> If I understood correctly (I obviously didn't read everything in the thread), basically the ain driving force behind this idea is "previously the name HTML5 helped push browsers". Yes, it helped push browsers from dark ages of ridiculous inconsistencies and lacks of specifications. Now we have specifications, and almost every browser is "evergreen", always updating and always growing.
> 

First, it's important to reiterate that no one is suggesting that the modules be removed. This is purely for marketing. The way CSS advances would not change.

The driving force is not to push browsers - it's to help authors understand what is ready to use. Browsers have already implemented important new features, but it's difficult to keep up with what is ready. Most authors do not read the specifications or stay up-to-date with the efforts of the working group. 

As @axelboc mentioned, the easiest way to learn about new features in a browser is to read the release notes (I do the same thing), but how many people are really doing that? And why should that be the way you figure out what is ready? 

I also think the potential confusion about Module Levels vs. CSS# is overstated. I would argue that the average author doesn't know the modules exist at all, and most people that do work with and follow the modules don't really need to care what ends up with the "next version".

> 
> Books based on specific versions of web specs are a thing of the past because the web moves too fast for them. Going back to this model would be doing publishers, schools and novice developers a disservice. Training models need to adapt to living standards, not the other way around. This is already happening in the form of living online books, training courses with regular updates, ... so why go back?
> 

I would label most or all of these things as "unfortunate side effects" or "necessary evils". I agree that we should encourage teaching the living standards and training models should (and possibly have) adapted, but what about all of the authors who are already trained?

I think that's the big concern behind this proposal. There are a lot of people already out there who have written CSS for many years, but that cannot keep up with living standards while also developing full time. How do we let everyone know that there is something new to learn? How will they determine that those new features are worth learning?

> I do agree that something's missing though.
> 
> In contrast, I learn about new EcmaScript features thanks to the TC39 Committee's yearly release process... that list **exactly what's changed in the spec**.
> 
> Selecting a number of CSS Modules at various levels, saying that this is what CSS is at this point in time and giving it some name (CSS4, CSS 2020, whatever) is utterly unhelpful when it comes to keeping up with changes.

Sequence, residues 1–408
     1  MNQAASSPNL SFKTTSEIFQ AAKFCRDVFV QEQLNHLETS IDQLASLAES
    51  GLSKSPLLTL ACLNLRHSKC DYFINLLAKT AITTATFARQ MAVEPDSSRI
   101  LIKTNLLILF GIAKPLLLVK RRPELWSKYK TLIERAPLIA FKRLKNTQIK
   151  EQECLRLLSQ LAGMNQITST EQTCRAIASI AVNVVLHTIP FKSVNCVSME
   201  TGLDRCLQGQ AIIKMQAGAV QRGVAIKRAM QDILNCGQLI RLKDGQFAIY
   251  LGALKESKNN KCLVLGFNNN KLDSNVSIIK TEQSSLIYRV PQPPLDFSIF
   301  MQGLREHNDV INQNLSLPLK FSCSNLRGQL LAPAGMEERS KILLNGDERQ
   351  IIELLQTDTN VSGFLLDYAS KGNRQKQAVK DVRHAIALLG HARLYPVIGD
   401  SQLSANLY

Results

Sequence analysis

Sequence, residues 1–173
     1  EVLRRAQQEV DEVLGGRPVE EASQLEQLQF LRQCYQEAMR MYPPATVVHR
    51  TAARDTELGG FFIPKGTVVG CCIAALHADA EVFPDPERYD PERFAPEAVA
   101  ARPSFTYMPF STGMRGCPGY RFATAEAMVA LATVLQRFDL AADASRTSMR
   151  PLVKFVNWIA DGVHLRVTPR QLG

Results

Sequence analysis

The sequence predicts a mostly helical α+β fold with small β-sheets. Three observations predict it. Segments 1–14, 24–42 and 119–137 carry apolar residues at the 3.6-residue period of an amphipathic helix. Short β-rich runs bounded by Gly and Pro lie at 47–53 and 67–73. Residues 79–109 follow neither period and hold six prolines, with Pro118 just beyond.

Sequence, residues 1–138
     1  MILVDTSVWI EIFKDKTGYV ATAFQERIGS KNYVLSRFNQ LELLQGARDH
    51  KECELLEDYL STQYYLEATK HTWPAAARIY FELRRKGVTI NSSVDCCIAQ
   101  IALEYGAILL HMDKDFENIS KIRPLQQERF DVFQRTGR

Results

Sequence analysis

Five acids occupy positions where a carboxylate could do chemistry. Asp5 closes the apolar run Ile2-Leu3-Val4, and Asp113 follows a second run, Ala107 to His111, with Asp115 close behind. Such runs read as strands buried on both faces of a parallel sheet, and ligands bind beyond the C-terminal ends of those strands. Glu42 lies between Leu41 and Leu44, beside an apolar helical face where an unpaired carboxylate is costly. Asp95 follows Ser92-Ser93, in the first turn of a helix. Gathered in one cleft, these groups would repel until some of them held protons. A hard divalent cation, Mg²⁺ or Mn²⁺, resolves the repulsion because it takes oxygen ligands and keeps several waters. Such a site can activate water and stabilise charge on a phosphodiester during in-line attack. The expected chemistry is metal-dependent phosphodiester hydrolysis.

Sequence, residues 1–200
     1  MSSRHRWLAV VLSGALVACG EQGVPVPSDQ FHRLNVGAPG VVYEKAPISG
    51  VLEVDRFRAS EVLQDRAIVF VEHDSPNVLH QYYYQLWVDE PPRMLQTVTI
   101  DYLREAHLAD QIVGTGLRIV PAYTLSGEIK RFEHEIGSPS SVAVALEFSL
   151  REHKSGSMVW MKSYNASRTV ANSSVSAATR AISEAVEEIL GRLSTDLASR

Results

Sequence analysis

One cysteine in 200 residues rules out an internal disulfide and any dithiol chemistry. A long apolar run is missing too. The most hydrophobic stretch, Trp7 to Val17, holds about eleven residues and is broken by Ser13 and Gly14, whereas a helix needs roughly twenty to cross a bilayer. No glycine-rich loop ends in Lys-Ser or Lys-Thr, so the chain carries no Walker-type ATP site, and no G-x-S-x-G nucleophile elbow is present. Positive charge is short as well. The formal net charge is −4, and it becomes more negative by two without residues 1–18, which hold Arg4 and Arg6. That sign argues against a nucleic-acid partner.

> 
> What TC39 got right is **granularity**.
> 
> Unlike EcmaScript, CSS is a set of specs, so what I propose is to **bring this level of granularity down to CSS Modules**. Learning that CSS Fonts Level 3 has achieved _Recommendation_ status tells me nothing. Learning that a specific proposal has reached maturity and been integrated into CSS Fonts, now _that's_ useful.
> 
> Once this level of granularity is in place, the **yearly release train** comes nearly for free as a way to solve CSS' marketing troubles. _CSS Fonts 2020_ becomes the reference point for all the proposals adopted that year into the living CSS Fonts Module, and _CSS 2020_ can just be the collation of all the adopted proposals.

I generally agree with this. Another important thing to note about the CSS4/CSS2020 idea is that it's all completely up-in-the-air. There's no consensus on exactly what it is or should be, and I would argue that it should be something similar to what you have suggested.

The biggest problem is that the initial release may be monstrous in size because it's been so long since "CSS3". After that, I think annual releases would be reasonably sized (or the discussion could move back to releases every 2 or 3 years if larger releases are preferred). 

On that note, after having several days to think about it, **I greatly prefer the idea of using years instead of version numbers**.

I think @axelboc has it right by suggesting that the new version/specification include very specifically what has changed. However, **I think it should ignore the typical W3C recommendation status completely (or mostly)**. Instead, **I think it would be better to include only the features that have been implemented by two rendering engines and are no longer behind flags**. This would give authors a realistic list of features that are actually ready to use, even if the entire specification has not reached Candidate Recommendation. 










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Received on Monday, 2 March 2020 02:19:32 UTC